ISLAMABAD          -      Pakistan is among the ancient regions of Asian continent that served as the nurturing cradle for Buddhism where the great Siddhartha Gautama-the Buddha laid the foundation of the religion that preached the path of spiritual awakening for insight to reveal the reality of nature.

Pakistan is also one of the famous hubs of Buddhist heritage and artifacts in the world.  Buddhist art and craft though during insurgency in Afghanistan and Pakistan faced destruction yet many of the key historical sites are intact.

Pakistan being an Islamic state has preserved cultural heritage and historical monuments of all other religions and faiths. The Buddha Stupas and mounds have rich heritage that makes it an important pilgrimage site for the followers of Buddhism around the world.   There are numerous religious sites of Buddhist heritage and artifacts scattered across Pakistan. 

The restoration and conservation of heritage sites along with religious tolerance is key to rebuild the confidence of pilgrims and religious tourists especially minorities. However, the incumbent government is making all-out efforts to preserve and maintain the religious places of minorities with interfaith harmony that would help to ensure fundamental rights of minorities in the country. 

According to an official of DOAM (Department of archaeology and Museum), Taxila Valley, Peshawar Valley, ancient Gandhara and Swat Valley were the main centers of inspiration  of Buddhist art and craft.               

Buddhist heritage in Taxila Valley is expanded up to ten square kilometres.

 Dozens of Budhist Stupas, monastic complexes dating from 3 cent BC to 6th cent AC are fully adorned with a variety of Buddha and Bodhisattvas sculptures, relics caskets etc. These sculptures are made of schist stone, stucco, terracotta, bronze, silver and gold.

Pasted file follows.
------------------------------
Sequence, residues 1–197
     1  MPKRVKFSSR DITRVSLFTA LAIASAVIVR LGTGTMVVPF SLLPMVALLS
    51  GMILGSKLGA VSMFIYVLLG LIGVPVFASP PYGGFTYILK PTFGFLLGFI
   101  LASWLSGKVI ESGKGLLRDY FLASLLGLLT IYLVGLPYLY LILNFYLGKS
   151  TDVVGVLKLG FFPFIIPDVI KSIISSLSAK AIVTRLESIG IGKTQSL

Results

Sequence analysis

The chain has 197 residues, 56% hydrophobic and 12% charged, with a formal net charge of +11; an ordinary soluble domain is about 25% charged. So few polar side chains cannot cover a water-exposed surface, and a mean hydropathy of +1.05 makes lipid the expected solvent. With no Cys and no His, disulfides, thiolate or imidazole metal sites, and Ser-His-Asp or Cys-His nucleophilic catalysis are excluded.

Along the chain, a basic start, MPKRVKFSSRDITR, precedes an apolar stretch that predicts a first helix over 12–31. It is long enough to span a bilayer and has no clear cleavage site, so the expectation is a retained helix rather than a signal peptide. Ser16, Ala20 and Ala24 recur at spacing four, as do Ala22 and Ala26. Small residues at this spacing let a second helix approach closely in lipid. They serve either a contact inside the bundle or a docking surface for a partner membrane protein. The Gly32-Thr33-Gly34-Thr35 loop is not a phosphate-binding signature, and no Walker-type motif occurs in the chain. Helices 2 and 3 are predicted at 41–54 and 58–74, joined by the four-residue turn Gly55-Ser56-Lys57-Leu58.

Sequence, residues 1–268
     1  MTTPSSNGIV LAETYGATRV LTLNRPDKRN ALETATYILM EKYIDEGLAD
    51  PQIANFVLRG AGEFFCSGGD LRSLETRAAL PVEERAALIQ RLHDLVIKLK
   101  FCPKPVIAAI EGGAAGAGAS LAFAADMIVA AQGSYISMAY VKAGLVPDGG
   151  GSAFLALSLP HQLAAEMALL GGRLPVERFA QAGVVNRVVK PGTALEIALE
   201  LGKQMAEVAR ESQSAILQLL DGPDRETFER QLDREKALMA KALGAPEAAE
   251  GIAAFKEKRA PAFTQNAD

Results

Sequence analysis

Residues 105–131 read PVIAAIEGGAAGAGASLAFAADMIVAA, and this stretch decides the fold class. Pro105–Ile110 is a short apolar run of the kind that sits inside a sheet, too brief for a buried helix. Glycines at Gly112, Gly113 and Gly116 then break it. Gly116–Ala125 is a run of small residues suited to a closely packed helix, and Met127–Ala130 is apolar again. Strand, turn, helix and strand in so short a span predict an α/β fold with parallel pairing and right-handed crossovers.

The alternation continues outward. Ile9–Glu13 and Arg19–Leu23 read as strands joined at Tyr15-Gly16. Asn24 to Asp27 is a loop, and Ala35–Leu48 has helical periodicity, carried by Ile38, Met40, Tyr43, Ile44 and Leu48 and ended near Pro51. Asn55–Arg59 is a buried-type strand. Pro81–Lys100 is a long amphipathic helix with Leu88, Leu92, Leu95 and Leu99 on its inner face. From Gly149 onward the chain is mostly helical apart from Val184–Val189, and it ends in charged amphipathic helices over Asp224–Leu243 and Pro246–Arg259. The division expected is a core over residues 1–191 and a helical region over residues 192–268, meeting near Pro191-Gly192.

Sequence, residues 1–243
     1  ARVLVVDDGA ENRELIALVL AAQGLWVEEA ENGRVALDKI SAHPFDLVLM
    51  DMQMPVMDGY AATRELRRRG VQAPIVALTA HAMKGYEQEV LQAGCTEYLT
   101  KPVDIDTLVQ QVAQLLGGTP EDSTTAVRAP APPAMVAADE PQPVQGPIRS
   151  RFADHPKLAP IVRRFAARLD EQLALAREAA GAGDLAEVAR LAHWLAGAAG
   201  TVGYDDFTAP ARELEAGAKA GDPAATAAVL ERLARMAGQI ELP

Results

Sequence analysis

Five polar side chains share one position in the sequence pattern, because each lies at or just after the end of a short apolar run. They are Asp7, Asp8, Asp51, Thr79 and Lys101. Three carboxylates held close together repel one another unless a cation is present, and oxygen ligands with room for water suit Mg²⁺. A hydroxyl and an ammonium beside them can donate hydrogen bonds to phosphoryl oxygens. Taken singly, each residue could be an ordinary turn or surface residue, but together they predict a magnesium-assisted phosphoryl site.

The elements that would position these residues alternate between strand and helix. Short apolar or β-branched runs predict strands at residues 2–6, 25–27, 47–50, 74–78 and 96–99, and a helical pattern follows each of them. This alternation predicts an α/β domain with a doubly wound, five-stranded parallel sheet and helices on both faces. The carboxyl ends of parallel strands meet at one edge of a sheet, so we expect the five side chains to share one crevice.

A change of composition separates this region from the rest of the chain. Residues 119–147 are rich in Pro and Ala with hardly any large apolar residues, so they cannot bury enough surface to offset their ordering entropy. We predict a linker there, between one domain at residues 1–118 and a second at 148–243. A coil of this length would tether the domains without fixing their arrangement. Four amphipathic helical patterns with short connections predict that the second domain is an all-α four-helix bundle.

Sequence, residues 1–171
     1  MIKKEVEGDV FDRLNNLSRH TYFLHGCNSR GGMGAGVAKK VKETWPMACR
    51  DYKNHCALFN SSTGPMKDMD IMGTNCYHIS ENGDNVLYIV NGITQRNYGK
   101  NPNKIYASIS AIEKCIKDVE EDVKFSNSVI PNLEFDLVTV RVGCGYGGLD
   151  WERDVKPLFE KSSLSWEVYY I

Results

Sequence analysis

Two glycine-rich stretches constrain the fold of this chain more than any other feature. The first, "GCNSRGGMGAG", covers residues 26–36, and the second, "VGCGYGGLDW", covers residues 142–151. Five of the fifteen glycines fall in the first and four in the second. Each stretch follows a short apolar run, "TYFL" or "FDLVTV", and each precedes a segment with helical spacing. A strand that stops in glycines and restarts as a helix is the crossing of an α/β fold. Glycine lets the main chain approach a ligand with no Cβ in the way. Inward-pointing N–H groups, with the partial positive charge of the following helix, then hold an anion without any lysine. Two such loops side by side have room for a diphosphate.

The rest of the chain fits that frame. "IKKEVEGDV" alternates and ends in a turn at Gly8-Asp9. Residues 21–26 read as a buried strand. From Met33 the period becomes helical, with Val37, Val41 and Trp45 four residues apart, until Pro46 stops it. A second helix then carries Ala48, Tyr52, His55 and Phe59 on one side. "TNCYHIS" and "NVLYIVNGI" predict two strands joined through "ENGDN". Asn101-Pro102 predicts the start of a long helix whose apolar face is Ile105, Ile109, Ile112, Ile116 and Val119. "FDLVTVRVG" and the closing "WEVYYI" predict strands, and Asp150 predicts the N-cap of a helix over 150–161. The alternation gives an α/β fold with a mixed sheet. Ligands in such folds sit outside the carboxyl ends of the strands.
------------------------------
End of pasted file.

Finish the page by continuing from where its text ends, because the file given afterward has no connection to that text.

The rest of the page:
Rare mural paintings of Jinan Wahid dheri, the largest statue of dying Budda from Bhamala Stupa, red sandstone sculpture from Badal pir are rare collections in the Buddhist world.

Buddhist finds specially stucco sculptures are world famous collections recovered from Taxila by Sir John Marshall DG archaeological survey of India during his large scale excavations in 1903 to 1928. He wrote a detailed volume of books about Taxila and Gandhara.

Artifacts discovered from Taxila are significant for their Hellenistic features. Scythian, Parthian, Kushan dominance is quite visible and distinguishable make them novel in the world.

The Sculpture of Fasting Siddhartha called Buddha discovered from Sikri Mardan is one of the most recognized stone sculptures throughout the world.           

Thatkh Bhai, Sari Balol world heritage sites are the other center of Buddhist collection in Peshawar valley, during the last about four years, Bamala in Khyber Pakhtunkhwa has emerged as a major Buddhist heritage site after the remains of a 1700 years old sleeping Buddha statue were discovered there.

Swat Valley is another major hub of Buddhist art that remained active till the tenth century. From here Buddhist art penetrated to China, Korea and Japan. Buddhist art of stone sculpting spreads from Swat to the other parts of Buddhist centers in Pakistan. Features of Buddhist art in Swat are different, indigenous and Indian.

The Swat Valley has many Buddhist carvings and stupas, and Jehanabad contains a Seated Buddha statue.  

Silk Route was one of the main life lines of Buddhist activities which was disconnected after the fifth century and caused the disintegration of Buddhist centers in this region when white Huns with the help of Brahmin cast devastated Buddhist centers and changed them in Gupta art and Hindu crafts.    .

The Pakistan government is paying special attention to promotion of tourism and has taken a number of steps including easing visa restrictions for the tourists as well as foreign investors for boosting tourism as well as exports .